Year 3

The focus of USC’s training program in stem cell biology and medicine continues to be to train the next generation of stem cell scientists, with the overall goal of aleviating human suffering caused by deficiencies in stem cell function.

Our CIRM training grant funds doctoral students, postdoctoral fellows, and clinical fellows. Doctoral students are pursuing a Ph.D. degree; postdoctoral fellows seek training beyond their Ph.D. or M.D.; clinical fellows are in the final stages of their training and are seeking to augment their clinical training with research experience.

Common to each of these groups is practical training in which fellows conduct research in laboratories of USC faculty members working in diverse areas of stem cell biology.

An equally important part of the program is a series of seminars designed to expose students to cutting edge stem cell science and the most accomplished scientists in the field. We also expect the students themselves to present their own work to their peers, and we have provided several venues for them to do so, including a weekly Stem Cell and Developmental Biology seminar series, a yearly Stem Cell Retreat, and a Stem Cell Day at USC in which students and fellows present their latest work.

Our training program also includes didactic classes in stem cell biology, developmental biology and stem cell ethics. These classes provide the most advanced information about stem cell science, serving to immerse students in the latest scientific literature and provide them with a deep awareness of the bioethical issues that stem cell scientists face.

Finally, as of this year, we are offering our students and fellows a series of professional development seminars focusing on issues such as how to prepare a resume, what to expect on a job interview, and how to approach the choice between an academic position and a position in industry.

Some highlights and accomplishments of our program this year include the following.

Provost Professor Andrew McMahon, formerly of Harvard, was recruited to become the Director of the Eli and Edythe Broad-CIRM Center for Regenerative Medicine and Stem Cell Research. Dr. McMahon is internationally known for his work on mechanisms of organ formation in mammals, and for devising new methods to study gene function. Dr. McMahon is now in the process of building the Broad institute, and is actively recruiting new stem cell faculty.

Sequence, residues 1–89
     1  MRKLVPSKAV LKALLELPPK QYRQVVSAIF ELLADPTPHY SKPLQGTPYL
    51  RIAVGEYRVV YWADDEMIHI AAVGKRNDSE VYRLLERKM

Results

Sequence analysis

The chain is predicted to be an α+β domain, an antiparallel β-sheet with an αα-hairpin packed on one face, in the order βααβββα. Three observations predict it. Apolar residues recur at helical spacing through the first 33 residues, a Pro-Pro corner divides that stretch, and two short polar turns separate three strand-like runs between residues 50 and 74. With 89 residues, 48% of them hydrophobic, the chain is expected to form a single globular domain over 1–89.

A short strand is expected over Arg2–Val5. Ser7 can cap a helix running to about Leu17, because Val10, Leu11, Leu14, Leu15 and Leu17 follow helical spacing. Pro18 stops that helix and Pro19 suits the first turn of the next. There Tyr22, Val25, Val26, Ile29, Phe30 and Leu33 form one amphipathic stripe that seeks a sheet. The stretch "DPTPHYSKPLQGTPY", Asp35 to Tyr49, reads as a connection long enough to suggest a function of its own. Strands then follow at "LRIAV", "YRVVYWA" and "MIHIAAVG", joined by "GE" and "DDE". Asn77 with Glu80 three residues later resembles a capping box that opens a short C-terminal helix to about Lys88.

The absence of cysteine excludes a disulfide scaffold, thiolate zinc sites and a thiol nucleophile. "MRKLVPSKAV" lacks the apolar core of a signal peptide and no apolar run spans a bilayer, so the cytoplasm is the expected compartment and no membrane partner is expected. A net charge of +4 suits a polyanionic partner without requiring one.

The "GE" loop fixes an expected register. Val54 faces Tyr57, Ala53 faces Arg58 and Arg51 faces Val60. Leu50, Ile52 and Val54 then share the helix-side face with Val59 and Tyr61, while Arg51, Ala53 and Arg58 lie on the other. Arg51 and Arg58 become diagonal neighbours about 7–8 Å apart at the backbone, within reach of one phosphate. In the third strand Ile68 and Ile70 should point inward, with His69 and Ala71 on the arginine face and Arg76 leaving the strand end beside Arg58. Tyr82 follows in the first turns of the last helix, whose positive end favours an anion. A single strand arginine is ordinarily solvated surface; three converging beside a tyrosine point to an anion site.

Another milestone in stem cell research at USC is the inauguration of a new graduate program in Stem Cell Biology and Regenerative Medicine. This program, one of only a few in the country, will offer Ph.D. degrees in stem cell biology and regenerative medicine. We expect the first class of students to matriculate in the program this fall.

A number of our fellows have contributed to important advances in stem cell research. Here are a few examples: Dr. Maksim Plikus, a CIRM postdoctoral fellow, published nine outstanding papers in the area of skin development and regeneration with his mentor Cheng-Ming Chuong, and this year was appointed an Assistant Professor at UC Irvine. A publication by CIRM postdoctoral fellow, Eve Kandyba, also in the area of skin regeneration, was noted by the faculty of 1000 as being of “special significance.” Dr. Gabrielle Davis, a clinical fellow, presented her work on the use of stem cells to alleviate lesions caused by radiation treatments of cancer at the International Society of Aesthetic Plastic Surgeons (September 2012) in Geneva. During the last reporting period, fellows supported by the training grant have published a number of articles in high impact journals, including Developmental Cell, Molecular Cell, Science, and the Proceedings of the National Academy of Sciences. These papers focused on a variety of stem cell-related topics including how stem cells determine the shape of the developing jaw, how, in molecular terms, stress hormones exert their effects on stem cells, the relationship between cancer stem cells and obesity, and new methods for the modification of the rat genome to produce disease models.

USC’s Stem Cell Training Program continues to train the next generation of stem cell biologists in how to conduct rigorous, cutting edge science, and how to make a real difference in people’s lives.